Media censorship is widespread and systematic. Apart from policing the content of traditional media outlets, mainland authorities also work to block sensitive messages on social media. Data from Weiboscope, an application developed by the Journalism and Media Studies Centre (JMSC) at the University of Hong Kong (HKU) to observe censorship on Weibo, reveals that 20 to 80 in every 10,000 Weibo posts are deleted every day. On September 28, the day the Occupy Central Movement was initiated, a record 150 posts were deleted out of every 10,000 posts.
David Bandurski, editor of JMSC’s China Media Project website explains that stability is the top priority for the Chinese government as Beijing believes “stability equals prosperity”. Therefore, the government censors any news it deems as “political threats” in order to avoid social unrest.
Apart from limiting what the media can cover, authorities also channel media coverage in favour of their own messages. Taking the Occupy Movement as an example, Bandurski says: “You can cover financial impacts, so if you’re covering the markets, you’re free to report and say, ‘Hong Kong stock market fell three points today’, otherwise the frames are all the same. Foreign conspiracy, western media prejudice…You can almost hear the opium war in the background.” As for information on the social media, people may not entirely trust what they see as they fear it may be only rumours.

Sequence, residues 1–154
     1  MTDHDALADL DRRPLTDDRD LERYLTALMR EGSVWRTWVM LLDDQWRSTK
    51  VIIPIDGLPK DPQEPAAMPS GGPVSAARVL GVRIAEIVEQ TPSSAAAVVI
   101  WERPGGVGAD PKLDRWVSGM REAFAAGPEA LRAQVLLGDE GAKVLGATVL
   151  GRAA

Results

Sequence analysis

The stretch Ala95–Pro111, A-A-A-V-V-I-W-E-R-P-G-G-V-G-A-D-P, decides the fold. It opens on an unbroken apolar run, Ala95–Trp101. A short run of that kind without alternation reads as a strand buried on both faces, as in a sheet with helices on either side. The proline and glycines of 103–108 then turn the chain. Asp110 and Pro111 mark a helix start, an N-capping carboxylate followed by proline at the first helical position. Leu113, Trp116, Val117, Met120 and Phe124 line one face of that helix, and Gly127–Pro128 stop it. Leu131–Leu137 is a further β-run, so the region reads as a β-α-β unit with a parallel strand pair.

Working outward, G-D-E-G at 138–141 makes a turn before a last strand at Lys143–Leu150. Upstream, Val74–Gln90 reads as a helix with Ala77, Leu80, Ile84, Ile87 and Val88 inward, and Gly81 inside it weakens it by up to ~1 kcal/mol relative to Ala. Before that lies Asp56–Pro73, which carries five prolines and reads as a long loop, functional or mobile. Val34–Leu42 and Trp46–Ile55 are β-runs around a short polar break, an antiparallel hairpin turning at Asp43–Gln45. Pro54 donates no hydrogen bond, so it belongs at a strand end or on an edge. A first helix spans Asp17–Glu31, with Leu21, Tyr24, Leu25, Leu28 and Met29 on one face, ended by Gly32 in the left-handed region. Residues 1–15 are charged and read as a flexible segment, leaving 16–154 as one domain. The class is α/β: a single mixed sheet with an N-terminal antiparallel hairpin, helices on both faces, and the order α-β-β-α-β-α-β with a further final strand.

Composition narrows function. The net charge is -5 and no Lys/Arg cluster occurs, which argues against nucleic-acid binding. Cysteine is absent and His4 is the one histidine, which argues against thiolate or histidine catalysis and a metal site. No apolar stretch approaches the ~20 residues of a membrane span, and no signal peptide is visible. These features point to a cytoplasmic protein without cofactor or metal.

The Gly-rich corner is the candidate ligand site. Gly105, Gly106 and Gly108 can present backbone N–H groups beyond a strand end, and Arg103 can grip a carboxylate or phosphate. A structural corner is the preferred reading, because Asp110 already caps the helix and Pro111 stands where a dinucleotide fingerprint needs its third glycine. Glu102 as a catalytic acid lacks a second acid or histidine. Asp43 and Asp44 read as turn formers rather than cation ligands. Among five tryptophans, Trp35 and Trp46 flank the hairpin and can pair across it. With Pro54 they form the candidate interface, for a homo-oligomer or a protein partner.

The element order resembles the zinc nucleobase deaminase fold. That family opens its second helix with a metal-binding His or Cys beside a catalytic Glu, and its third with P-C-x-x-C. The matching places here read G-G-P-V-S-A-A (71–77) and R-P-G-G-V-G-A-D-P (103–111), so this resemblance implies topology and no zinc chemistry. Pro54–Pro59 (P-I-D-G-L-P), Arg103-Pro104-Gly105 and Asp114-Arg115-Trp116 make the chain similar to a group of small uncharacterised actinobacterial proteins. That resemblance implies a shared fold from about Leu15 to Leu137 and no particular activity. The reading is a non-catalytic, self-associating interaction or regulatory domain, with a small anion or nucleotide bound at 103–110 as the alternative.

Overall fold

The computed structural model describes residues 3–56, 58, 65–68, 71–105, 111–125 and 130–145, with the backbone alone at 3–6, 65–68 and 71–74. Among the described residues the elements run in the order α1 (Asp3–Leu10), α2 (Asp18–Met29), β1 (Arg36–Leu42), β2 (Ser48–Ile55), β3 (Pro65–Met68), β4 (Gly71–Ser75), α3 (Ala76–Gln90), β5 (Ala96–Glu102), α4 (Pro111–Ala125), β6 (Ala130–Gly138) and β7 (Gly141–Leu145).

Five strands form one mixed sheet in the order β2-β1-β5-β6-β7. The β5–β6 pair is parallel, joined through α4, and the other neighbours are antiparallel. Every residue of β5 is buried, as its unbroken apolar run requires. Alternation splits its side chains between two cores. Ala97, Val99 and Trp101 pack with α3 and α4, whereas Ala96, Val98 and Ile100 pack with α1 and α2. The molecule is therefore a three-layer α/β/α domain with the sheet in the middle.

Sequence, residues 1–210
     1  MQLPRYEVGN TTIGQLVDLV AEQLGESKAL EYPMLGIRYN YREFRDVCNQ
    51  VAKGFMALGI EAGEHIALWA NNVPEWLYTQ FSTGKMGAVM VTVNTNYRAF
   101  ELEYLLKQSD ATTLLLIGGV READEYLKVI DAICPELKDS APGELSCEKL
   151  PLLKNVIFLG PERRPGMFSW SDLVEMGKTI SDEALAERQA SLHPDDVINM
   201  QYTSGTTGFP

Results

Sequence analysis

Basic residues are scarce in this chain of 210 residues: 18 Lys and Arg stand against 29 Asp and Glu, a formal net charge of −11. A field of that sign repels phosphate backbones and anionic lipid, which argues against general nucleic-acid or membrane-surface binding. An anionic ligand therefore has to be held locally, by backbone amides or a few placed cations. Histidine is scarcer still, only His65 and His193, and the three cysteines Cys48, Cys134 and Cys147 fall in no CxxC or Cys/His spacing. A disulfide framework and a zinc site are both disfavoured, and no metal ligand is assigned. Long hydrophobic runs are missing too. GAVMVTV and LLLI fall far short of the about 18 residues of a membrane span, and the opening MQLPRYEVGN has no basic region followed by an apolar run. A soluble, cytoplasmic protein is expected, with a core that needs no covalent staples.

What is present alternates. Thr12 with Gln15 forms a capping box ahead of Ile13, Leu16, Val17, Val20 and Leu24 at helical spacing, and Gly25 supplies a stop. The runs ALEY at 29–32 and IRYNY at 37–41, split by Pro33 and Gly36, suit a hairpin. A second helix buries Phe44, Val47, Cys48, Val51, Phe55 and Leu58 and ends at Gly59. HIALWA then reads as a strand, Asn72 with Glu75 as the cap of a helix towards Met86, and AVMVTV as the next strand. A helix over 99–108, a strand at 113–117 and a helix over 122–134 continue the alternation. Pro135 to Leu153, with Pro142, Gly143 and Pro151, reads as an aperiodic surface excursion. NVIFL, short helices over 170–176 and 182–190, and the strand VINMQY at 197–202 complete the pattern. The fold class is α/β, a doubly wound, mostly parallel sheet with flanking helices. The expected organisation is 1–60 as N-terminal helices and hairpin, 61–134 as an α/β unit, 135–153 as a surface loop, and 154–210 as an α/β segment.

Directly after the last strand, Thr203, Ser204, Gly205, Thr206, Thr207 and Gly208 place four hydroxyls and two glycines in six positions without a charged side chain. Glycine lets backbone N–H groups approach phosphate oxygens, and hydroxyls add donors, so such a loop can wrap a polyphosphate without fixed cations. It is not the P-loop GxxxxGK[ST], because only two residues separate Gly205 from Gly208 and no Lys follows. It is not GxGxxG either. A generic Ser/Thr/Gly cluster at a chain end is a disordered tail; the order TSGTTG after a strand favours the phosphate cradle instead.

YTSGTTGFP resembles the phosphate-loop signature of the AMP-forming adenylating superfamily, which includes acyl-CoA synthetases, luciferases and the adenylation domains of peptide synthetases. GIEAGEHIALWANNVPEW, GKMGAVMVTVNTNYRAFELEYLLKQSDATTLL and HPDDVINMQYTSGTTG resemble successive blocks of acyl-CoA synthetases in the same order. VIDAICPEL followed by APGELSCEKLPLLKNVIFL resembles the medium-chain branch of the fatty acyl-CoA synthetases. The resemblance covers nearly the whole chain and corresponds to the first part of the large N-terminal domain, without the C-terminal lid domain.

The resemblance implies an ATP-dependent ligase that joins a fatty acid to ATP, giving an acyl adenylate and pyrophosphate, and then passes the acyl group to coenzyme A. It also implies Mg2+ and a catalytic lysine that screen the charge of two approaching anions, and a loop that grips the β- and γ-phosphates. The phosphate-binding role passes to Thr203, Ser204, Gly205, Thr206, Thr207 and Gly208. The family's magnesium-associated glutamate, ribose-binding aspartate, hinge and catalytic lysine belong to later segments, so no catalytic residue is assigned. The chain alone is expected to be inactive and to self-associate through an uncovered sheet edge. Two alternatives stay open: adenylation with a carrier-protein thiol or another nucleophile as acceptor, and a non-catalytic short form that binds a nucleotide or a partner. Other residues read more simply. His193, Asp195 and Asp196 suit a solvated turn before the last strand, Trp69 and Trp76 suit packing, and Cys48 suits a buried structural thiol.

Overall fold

Bandurski thinks that censorship, the channelling of information and unverified information on social media has caused a “crisis of credibility” in the mainland media. He says that while people know they cannot trust everything they see on Weibo, they also question the truthfulness and motives behind what the government tells them. “They don’t know what they can believe,” he says.
Jerry (who does not wish to disclose his full name) came from Zhanjiang to study government and law at HKU. The 21-year-old experienced a “crisis of credibility” in Chinese official media when he followed the reporting on the Wenzhou train collision in 2011 and noticed that while there was live coverage of the accident on Weibo, the state-run media did not report it.
When he was still in Zhanjiang, Jerry usually read Zhanjiang Daily and Southern Metropolis Daily, which are relatively more open and reliable than the state-run media. However, pressure from preparing the National Higher Education Entrance Examination meant he had little time to reflect on political matters.
When Jerry first came to Hong Kong, he was amazed by the city’s media diversity. “Unlike China, Hong Kong’s media landscape is very diverse. It has some formal [newspapers] like MingPao and some tabloid-style [newspapers] like Apple Daily; some are pro-Beijing and some are pro-democracy. It also includes many international media,” says Jerry. In Hong Kong, he subscribed to Yazhou Zhoukan and Time. He also reads the South China Morning Post online and read articles on the online news and views site, House News, before it suddenly closed over the summer.